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The Scarlet Letter of the 21st Century

January 11, 2009 Comments off

The Adam Walsh Act: The Scarlet Letter of the Twenty-First Century
Lara Geer Farley, Washburn Law Journal

Reforming sex offender laws will not be easy. At a time when national polls indicate that Americans fear sex offenders more than terrorists, legislators will have to show they have the intelligence and courage to create a society that is safe yet still protects the human rights of everyone.

In recent years, the words “sex offender” have transformed into a loosely and frequently used term. Congress and state legislatures have enacted sex offender laws because of highly publicized, horrific crimes, particularly those committed against children. As federal and state governments introduce stricter punishments, requirements, and prohibitions for sex offenders, the offenders become branded by the negative stigma associated with their status. While many sex offenders commit heinous crimes, experts and officials question whether the strict laws imposed against all sex offenders, including non-violent offenders like Evan B., actually increase the safety of those the laws seek to protect.

This Note will argue that the most recent development in this area of law, the Adam Walsh Child Protection and Safety Act of 2006 (AWA), contains over-inclusive sex offender registration requirements and punishments. Implementation of the AWA will undoubtedly cause problems for state governments, law enforcement, non-violent sex offenders, and citizens, both as taxpayers and intended beneficiaries of the AWA. Specifically, the AWA is an unfunded mandate that places severe and unfair registration requirements and punishments on sex offenders, and requires offenders to register without distinguishing between violent and non-violent offenders or evaluating the likelihood of recidivism.

Part II of this Note examines the development of sex offender registration requirements in the federal and state governments. It addresses the transformation from the initial freedom left with the states to determine their own standards to the recent, more expansive, and mandatory federal requirements under the AWA. Part III of this Note discusses the purpose of the sex offender requirements under the AWA and reasons why the AWA’s over-inclusiveness hinders achievement of that purpose. Part IV concludes with a call for reform of the AWA, in order to better achieve the AWA’s purpose.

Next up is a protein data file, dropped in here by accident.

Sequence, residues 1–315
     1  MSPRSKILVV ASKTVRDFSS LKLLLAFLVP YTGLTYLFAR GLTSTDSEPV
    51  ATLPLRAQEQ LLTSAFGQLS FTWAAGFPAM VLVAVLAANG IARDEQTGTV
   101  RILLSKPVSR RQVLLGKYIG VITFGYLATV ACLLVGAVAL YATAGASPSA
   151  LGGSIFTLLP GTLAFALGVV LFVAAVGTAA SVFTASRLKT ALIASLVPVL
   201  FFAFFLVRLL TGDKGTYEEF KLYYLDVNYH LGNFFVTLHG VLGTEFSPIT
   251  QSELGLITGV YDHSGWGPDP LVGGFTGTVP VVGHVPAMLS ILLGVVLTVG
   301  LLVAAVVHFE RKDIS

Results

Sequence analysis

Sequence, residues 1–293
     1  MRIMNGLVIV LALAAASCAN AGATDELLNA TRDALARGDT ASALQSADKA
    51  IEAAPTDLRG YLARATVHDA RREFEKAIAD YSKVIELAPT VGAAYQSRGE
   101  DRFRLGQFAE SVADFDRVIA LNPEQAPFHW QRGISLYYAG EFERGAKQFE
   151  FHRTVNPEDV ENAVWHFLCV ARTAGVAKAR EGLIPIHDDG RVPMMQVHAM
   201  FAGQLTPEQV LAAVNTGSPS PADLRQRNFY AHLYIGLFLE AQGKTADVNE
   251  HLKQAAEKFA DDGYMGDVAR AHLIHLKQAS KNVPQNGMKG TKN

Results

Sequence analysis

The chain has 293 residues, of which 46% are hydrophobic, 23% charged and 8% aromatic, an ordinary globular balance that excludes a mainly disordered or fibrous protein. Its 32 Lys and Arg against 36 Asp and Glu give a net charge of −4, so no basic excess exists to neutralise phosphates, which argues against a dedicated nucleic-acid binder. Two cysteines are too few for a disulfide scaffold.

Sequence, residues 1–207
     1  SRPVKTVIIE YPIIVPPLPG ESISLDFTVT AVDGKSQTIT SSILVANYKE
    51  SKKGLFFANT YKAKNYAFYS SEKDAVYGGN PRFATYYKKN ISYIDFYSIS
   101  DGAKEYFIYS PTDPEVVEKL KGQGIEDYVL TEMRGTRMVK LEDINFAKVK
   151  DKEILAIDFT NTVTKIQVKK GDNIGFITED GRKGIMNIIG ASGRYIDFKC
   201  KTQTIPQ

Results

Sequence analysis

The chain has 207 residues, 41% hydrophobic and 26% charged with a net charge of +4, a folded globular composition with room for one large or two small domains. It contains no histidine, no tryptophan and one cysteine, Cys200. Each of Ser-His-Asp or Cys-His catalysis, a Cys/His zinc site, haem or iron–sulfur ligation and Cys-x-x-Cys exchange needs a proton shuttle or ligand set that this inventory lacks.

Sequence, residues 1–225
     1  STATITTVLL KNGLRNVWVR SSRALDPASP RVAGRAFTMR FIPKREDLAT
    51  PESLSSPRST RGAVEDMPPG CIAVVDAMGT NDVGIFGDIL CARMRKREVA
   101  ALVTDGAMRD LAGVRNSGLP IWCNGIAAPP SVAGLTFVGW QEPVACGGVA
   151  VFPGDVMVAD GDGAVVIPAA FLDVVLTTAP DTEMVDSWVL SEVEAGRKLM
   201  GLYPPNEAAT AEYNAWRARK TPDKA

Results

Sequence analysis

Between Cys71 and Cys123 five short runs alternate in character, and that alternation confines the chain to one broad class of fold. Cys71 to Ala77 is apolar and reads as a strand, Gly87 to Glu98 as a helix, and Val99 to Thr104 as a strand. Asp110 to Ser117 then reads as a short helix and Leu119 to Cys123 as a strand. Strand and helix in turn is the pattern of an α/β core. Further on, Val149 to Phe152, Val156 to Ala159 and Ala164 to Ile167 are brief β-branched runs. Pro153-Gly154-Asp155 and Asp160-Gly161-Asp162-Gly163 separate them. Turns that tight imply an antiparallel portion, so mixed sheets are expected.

IV. CONCLUSION
Over the past two decades, federal and state governments have introduced stricter punishments, requirements, and prohibitions for sex offenders. The most recent development in this area of law, the Adam Walsh Child Protection and Safety Act of 2006, contains over-inclusive sex offender registration requirements and punishments. Implementation of the AWA will undoubtedly cause problems for state governments, law enforcement, non-violent sex offenders, and citizens, both as taxpayers and intended beneficiaries of the AWA. If the AWA is not reformed, its requirements will drain public resources, unnecessarily deprive sex offenders of their liberty, and produce few public safety gains. The AWA’s requirements are over-inclusive. The AWA does not differentiate between violent and non-violent offenders. The AWA also does not individually evaluate the likelihood of offender recidivism. Therefore, the AWA does not allow law enforcement officials to focus on the small number of sex offenders who actually need monitoring— offenders who committed severe offenses and are likely to recidivate. Rather, under the AWA, law enforcement officials must attempt to supervise all sex offenders, a daunting task that police have neither the funds nor officers to adequately achieve. As a result, unsupervised sex offenders—both violent and non-violent—slip through the system and the dangerous offenders continue to threaten public safety. A reformed AWA could prevent tragedies like Evan B.’s from occurring. There was no need to require Evan B., a non-violent offender with little risk for recidivism, to register as a sex offender. Evan B. was a high school boy who made an innocent mistake. Unfortunately, over-inclusive sex offender registration requirements did not allow Evan B. to serve his sentence and resume his life. Rather, Evan. B.’s life headed in an ominous downward spiral—his community shunned him; he dropped out of school; he could not find employment; he moved away from his friends and family; he became depressed; and he killed himself. Lawmakers should reform the AWA to require only violent offenders who are likely to recidivate to register. Therefore, non-violent offenders unlikely to recidivate will not be branded as sex offenders—a scarlet letter that may stigmatize them for life. Furthermore, law enforcement officials will be able to focus on only dangerous offenders necessitating supervision and registration. Law enforcement officials will notify community members about violent and dangerous sex offenders that live nearby and will educate them about how to keep their children safe. If reformed, the AWA will successfully serve its purpose as a method of public safety.